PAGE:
Dance Band Encyclopaedia
Born: 1889, India
Died: May 5th, 1928, London
John W. Birmingham was from a military and musical family (his father was a bandsman in the Cameronians) and was a Kneller Hall man, graduating in about 1908. During the First World War he served with the Scottish Rifles and gave numerous concerts in aid of Belgian refugees. He is alleged to be able to play five instruments, including violin, banjo, piano and organ.
John Birmingham has been described as a "pioneer of syncopation". For many years his bands fulfilled important dance and stage engagements and played for some years at the Hotel Cecil where his brother, Cyril, was the band's pianist.
During the mid-1920s, his band, known as "The Big Twelve" recorded for Edison Bell Winner (1925) and Duophone (1926). The original records are hard to find today and none, as far as I know, have been reissued on LP or CD.
The musicians who
played in his band in 1925 are:
At some point later, Arthur Coburn replaces Cook on trumpet, Clarence Wright replaces Cole on violin, and Lou Preager replaces one of the pianists.
It should be noted that no violin can be seen in the photo. One can be heard on the Winner recordings, but not on the Duophones.
In the early part of
1926, an example of his touring schedule was published in "Melody
Maker" (along with the photo, right)....
For the summer season of 1926, John Birmingham and the Big Twelve were booked for 20 weeks as the resident band for "On With The Show" at the North Pier, Blackpool. "Melody Maker" prints the following report:-
To attempt to describe this band is to stress everyday knowledge and it would be a poor compliment to John (Birmingham) to do so. Everyone is familiar with this outfit which goes on and on with such unanimity of purpose that it is rocklike in its solidarity. He is a visionary, a man who will interpret music in his own way and not on the rule-of-thumb principle. After all, there must be some reason why this band never stops going on and John Birmingham himself is it.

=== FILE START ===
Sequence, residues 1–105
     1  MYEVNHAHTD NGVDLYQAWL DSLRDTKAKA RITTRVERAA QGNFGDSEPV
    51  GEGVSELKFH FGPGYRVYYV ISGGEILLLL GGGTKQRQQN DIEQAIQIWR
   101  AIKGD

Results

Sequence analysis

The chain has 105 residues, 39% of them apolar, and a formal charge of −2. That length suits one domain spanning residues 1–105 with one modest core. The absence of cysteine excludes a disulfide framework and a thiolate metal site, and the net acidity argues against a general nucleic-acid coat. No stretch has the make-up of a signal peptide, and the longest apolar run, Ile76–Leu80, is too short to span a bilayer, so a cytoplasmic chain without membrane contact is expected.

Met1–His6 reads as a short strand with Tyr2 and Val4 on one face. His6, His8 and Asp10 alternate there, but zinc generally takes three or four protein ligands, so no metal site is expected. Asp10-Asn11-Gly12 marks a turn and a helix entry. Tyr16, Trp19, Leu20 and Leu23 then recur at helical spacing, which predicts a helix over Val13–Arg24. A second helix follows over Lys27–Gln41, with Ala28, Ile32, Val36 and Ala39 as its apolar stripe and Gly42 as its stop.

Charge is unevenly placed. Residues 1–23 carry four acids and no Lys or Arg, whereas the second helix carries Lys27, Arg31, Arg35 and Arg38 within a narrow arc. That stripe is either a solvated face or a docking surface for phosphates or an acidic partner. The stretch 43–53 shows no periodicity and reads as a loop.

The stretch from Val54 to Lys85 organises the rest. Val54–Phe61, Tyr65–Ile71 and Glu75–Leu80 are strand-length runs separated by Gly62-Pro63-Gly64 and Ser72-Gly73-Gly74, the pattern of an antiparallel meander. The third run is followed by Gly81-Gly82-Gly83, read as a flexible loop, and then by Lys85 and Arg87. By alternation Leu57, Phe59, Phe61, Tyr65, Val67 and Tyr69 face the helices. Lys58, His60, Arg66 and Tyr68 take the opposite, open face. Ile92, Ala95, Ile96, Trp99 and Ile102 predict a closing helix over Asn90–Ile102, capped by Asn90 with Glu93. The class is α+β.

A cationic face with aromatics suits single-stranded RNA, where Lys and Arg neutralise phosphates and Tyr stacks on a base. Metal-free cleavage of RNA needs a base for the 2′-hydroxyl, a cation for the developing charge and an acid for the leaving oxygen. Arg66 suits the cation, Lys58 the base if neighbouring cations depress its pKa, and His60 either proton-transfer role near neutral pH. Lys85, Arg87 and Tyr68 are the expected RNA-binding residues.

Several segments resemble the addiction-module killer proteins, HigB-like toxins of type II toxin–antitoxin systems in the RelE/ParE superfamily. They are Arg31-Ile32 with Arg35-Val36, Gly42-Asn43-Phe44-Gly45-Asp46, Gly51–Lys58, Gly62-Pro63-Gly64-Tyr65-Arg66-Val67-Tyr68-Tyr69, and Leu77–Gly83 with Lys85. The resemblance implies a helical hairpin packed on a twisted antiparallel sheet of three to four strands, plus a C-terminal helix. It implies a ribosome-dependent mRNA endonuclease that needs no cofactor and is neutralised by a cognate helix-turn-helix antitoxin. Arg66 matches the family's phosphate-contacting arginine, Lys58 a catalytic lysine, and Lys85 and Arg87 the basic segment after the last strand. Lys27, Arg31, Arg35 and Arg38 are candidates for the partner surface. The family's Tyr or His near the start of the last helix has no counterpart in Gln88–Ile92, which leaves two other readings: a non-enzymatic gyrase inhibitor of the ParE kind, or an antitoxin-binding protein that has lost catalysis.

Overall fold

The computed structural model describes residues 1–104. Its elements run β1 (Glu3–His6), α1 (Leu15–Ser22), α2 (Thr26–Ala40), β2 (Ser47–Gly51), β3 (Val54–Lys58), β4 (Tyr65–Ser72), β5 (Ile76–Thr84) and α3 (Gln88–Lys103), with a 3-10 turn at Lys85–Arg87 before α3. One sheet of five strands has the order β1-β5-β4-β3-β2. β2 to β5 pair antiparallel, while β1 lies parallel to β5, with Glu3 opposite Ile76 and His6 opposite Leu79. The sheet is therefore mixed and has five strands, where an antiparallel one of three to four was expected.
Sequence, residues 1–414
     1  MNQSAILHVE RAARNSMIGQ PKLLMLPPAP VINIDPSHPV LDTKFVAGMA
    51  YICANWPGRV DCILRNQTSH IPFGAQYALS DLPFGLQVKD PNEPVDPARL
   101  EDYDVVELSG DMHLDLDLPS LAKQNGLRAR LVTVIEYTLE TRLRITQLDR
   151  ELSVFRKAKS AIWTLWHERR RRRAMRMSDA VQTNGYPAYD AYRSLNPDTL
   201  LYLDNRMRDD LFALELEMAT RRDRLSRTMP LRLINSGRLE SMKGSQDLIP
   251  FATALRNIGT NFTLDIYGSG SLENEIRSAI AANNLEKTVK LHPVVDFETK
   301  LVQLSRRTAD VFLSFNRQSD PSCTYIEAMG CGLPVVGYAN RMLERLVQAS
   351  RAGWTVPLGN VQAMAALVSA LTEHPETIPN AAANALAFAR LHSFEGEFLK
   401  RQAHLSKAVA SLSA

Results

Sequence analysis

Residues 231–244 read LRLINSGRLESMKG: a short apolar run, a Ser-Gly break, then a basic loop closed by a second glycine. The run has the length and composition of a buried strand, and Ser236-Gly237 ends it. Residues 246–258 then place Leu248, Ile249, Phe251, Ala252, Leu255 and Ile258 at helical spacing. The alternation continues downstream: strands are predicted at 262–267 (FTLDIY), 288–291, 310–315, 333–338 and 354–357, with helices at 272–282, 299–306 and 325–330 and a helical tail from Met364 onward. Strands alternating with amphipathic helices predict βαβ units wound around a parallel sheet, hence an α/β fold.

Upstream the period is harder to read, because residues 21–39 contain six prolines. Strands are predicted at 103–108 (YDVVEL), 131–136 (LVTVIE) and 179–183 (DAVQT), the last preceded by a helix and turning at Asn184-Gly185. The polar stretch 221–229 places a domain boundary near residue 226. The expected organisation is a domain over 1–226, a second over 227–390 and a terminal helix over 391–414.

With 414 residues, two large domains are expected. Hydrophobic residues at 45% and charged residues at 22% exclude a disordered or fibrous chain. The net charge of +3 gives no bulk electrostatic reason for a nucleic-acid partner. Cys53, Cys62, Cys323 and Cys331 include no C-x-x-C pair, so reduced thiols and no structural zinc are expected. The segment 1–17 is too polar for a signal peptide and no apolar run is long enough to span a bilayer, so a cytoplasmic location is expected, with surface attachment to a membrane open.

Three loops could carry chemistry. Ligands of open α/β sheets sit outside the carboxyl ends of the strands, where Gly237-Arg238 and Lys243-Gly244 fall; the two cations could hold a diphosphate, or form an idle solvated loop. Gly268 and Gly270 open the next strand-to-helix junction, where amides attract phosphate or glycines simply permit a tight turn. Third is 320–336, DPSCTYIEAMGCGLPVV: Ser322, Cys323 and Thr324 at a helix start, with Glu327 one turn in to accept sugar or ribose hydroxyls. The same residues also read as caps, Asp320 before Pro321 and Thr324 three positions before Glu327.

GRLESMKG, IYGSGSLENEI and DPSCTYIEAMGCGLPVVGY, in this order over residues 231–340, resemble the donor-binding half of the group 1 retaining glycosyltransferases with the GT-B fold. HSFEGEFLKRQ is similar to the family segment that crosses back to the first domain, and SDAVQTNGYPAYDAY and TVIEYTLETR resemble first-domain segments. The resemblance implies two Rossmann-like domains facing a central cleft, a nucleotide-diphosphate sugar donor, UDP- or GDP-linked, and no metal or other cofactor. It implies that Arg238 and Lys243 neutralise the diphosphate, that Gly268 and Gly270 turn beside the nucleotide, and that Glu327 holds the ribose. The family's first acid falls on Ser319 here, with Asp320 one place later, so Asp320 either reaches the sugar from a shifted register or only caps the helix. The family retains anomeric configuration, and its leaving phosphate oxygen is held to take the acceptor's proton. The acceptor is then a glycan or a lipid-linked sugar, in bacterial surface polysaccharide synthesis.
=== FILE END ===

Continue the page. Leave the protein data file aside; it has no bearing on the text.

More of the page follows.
At the end of 1926, it seems likely that Birmingham broke the band up due to lack of available work as a note in the "Melody Maker" mentions that he was "available for work". It seems likely that he had financial troubles during this rather "dry" period in his career.
But by November 1927, John Birmingham was on the go again, touring in a revue called "Tit-Bits Of The World". He and the band appeared in a cabaret scene entitled "The Cabaret Of Europe" and played "Hello Bluebird", "So Blue", "Russian Medley" "I wonder How I Look When I'm Asleep" and "I've Got A Girl". The "MM" correspondent is unenthusiastic about the show, reporting the arrangements as being "very standard and all very alike" and the comedy being "rather obvious". However, he describes the band as "an excellent straight combination, very wisely attempting very little of the 'hot' variety".
The May 1928 Melody Maker reports that Birmingham and his Band were appearing in the revue "Better Still" (in April) saying that the band has changed little and "is always pleasant to listen to and John Birmingham always pleasant to watch". To me this implies that perhaps the band's style was rather old-fashioned and a note in the June 1928 "MM" confirms this.
The "Better Still" revue must have finished soon after and John Birmingham became ill, suffering from bouts of giddiness & fainting. On Saturday May 5th 1928, while waiting for some guests to arrive, he went to the balcony of his flat in Earls Court Road, to get some fresh air, but sadly fell to his death, probably after an attack of vertigo.
The Melody Maker, in a full page obituary, described John Birmingham as having a distinctive and charming personality with a bright and cheery disposition which never failed him. He was always immaculate and wore a monocle on stage.
He was buried at the Kensington Cemetery, Hanwell at 4pm on May 10th 1928. Some of the members of his band attended as did representatives of the Tyseen Amherst Freemasons Lodge, of which he was a member. He left behind his wife and two children, Phyllis and John, then aged 12 and 10 years old respectively. The Melody Maker set up "The John Birmingham Appeal Fund" to help his family. The chairman was Jack Hylton, the treasurer was Marius B Winter and Jack Payne was also on the committee.